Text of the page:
Garden of Greens and Happy kids@ Queen Elizabeth Annex

Happy Kids
Happy Kids

Our Big dream

QEA Farm to School’s program started with a focus on nutrition education and food skill building. Our idea was to develop and enhance the students’ understanding of food and healthy eating through creative, hands on learning. We have used the expertise of community partners and parent volunteers to educate the students on gardening, nutrition and cooking activities in an effort to cut down costs. We have continued to grow and maintain our school garden (6 raised beds) harvesting, food safety and preparation and food sharing. The students have also had the opportunity to learn more about nutrition, food groups, meal planning and healthy snacks through fun and creative activities.

Tiny Farmers

What we think we have accomplished….

We at QEA are very happy and proud of our achievements in the past year. Our entire community has been key to our success. The students have gained from both formal and informal lessons throughout the process.

With the Farm to School BC grant and help from parent volunteers, teachers and students, we have been able to get all the students involved in growing an edible food garden including planting, watering, harvesting, cooking and sharing. We are in the planning stages of building a bee and butterfly garden, which will further enhance our students’ knowledge about pollination. We have also been successful in implementing school wide composting measures. In the process, we have received a positive feedback from our school board who sees this as a great model as to what a school garden should look like.

With a successful farm to school program we have also been able to motivate our student and parent community to “Adopt a plot” during summer months when school is not in session. Parents and students continue to weed water and maintain the garden plots during this time and harvest the produce.


Our students are now more open to trying new vegetables. We have also triggered their culinary skills by preparing simple salads and salad dressings in school.

Cooking at Home

What our students think we have accomplished…

“I love Farm to School because we make lots of salads and I really love eating them.”- Ella

“I love Farm to School because we go to the garden to get Swiss chard and the we eat it.”- Paul

I love Farm to School because we eat salads and I love salads. The salads we make are delicious.”- Hayley

I love Farm to School because the food is really good.”- Oliver

I love Farm to School because…






What our parent community thinks we have accomplished…

 “M loves participating in Farm to School.  He loves it because it involves physically interacting with the school garden and making tasty food from it.  He talks about the vegetables he tries, and asks me to buy them and make the recipes. I get him to make them!  He is proud to teach me how to make them, saying things like, “you have to include the red stems because they’re really tasty!”, and “you don’t want to waste this part of the plant, so you can…” (I don’t remember the details, but it involved making something else out of it).  Previously M mostly showed interest in baking treats, so the interest in vegetables is very much appreciated!” – Andrea, parent.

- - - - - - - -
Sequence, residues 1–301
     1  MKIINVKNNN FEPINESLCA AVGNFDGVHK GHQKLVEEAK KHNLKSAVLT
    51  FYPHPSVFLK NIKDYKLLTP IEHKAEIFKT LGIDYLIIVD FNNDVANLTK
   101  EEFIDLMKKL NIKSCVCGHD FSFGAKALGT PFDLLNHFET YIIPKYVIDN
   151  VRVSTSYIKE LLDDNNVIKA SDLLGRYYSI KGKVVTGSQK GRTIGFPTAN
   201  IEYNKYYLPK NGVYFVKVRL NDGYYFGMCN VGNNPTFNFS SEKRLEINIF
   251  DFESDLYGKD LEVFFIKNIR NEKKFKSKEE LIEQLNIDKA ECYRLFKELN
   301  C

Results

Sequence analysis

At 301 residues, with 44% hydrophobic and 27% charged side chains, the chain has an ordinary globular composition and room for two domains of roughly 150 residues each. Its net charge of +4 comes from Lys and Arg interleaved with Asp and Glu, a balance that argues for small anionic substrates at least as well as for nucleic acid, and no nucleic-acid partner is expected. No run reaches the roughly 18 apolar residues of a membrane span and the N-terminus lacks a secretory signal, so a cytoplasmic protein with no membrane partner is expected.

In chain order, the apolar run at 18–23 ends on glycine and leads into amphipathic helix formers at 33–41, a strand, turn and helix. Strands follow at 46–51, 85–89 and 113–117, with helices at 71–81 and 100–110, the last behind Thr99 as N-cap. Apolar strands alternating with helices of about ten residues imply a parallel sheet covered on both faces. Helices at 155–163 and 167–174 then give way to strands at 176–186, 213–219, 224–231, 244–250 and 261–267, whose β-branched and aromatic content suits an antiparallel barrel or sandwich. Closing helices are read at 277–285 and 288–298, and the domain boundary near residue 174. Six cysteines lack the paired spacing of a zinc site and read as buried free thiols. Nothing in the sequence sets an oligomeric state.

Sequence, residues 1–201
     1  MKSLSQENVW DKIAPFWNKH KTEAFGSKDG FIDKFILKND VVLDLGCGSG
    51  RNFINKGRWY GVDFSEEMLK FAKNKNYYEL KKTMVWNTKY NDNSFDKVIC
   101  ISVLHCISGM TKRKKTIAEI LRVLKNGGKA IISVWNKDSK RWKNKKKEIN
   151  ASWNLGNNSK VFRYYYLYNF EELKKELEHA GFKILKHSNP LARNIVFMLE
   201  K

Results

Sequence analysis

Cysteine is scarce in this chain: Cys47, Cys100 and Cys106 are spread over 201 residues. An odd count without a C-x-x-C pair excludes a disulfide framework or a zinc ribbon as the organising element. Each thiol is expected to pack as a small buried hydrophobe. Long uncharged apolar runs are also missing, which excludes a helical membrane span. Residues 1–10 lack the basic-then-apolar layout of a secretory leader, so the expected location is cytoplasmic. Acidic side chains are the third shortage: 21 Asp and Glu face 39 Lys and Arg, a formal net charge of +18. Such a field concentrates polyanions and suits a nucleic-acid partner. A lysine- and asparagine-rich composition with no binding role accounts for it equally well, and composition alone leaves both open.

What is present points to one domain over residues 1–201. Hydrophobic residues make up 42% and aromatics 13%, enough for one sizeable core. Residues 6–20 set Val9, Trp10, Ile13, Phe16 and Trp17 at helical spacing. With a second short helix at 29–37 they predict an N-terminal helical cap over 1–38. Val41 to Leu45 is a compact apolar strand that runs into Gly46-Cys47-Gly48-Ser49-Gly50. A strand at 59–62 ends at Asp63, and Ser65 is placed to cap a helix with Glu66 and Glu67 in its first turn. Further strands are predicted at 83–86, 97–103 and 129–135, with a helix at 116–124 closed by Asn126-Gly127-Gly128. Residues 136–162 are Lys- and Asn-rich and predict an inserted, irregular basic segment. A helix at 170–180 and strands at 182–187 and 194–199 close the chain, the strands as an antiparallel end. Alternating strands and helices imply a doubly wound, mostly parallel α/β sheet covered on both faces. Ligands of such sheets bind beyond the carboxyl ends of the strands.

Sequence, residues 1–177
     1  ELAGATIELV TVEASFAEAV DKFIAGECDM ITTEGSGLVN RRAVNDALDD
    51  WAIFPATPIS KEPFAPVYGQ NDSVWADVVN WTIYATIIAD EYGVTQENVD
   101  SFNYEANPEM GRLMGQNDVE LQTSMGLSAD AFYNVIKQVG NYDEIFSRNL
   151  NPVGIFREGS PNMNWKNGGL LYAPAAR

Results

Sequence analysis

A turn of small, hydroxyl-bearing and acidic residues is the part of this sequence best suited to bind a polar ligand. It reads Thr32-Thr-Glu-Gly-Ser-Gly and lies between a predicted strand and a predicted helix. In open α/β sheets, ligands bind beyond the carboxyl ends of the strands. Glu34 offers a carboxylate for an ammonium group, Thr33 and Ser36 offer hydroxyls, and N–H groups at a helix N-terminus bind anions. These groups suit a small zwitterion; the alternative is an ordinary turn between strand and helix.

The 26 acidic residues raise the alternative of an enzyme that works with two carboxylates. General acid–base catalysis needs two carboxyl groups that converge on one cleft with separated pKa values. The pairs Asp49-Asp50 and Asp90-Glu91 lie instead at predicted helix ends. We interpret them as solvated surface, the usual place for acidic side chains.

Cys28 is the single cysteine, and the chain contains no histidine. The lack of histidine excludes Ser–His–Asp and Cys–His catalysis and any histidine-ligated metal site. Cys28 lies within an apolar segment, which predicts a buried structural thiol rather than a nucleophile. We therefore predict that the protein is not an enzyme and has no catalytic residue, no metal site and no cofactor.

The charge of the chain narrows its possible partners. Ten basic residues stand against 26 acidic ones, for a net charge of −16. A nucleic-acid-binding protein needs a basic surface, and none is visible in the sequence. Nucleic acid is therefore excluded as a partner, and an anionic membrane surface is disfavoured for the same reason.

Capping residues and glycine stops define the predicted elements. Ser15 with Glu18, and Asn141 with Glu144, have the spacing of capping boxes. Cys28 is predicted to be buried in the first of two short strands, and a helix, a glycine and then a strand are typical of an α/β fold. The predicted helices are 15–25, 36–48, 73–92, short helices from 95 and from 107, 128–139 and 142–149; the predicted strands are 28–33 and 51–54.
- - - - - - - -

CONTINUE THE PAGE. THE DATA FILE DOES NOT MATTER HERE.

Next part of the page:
Cooking at Home
Cooking at home

“L’s idea about fresh/raw vegetables has changed since the start of the Farm to School program. She is more open to trying new vegetables and the program has had a positive impact on packed lunches”. – Megumi, parent


As with every new project, we have had our fair share of hiccups and challenges. Our vision, when we started the program, was to complement our existing hot lunch program with a salad bar using local food sources with the help of our students. Physical space has been a challenge in our small school this past year. However, we will continue to work towards making this dream of ours a reality in the near future.

A majority of our students are making healthy food choices with lunch and snack options since the start of the program, but we do believe more work needs to be done for continued lifestyle changes. The majority of growing season is when school is not in session; we will need to have a better strategy so our student and parent community stays motivated to “adopt a plot”.

So far we have tried to use up the produce from our own garden as much as possible. Winter months have been a challenge although we have had a good harvest of some hardy greens. In order to make the program more sustainable, we will also be working hard to establish successful partnerships with other local farms and suppliers.

Salad in the making!
Salad in the making!

The Farm to School grant has enabled our students, staff, teachers and community to be a part of maintaining our school garden. We believe we have successfully triggered our students’ interest in gardening, growing and cooking. Students remain enthusiastic about caring for the garden. With the help of the grant we have been able to grow many vegetables including parsnips, radish, carrots, snap peas, fava beans, beets, chard, kale and much more.

We are very excited to put our “mobile cooking kit” (includes a kitchen cart on wheels fully loaded with hot plates, cooking utensils and small appliances) to good use in the coming years. All the equipment and utensils in the cooking kit was purchased with the funds from the farm to school grant, for which we are grateful. Special thanks to all the parent, teacher and staff volunteers who put in their time and effort in making this program successful.

So Yummy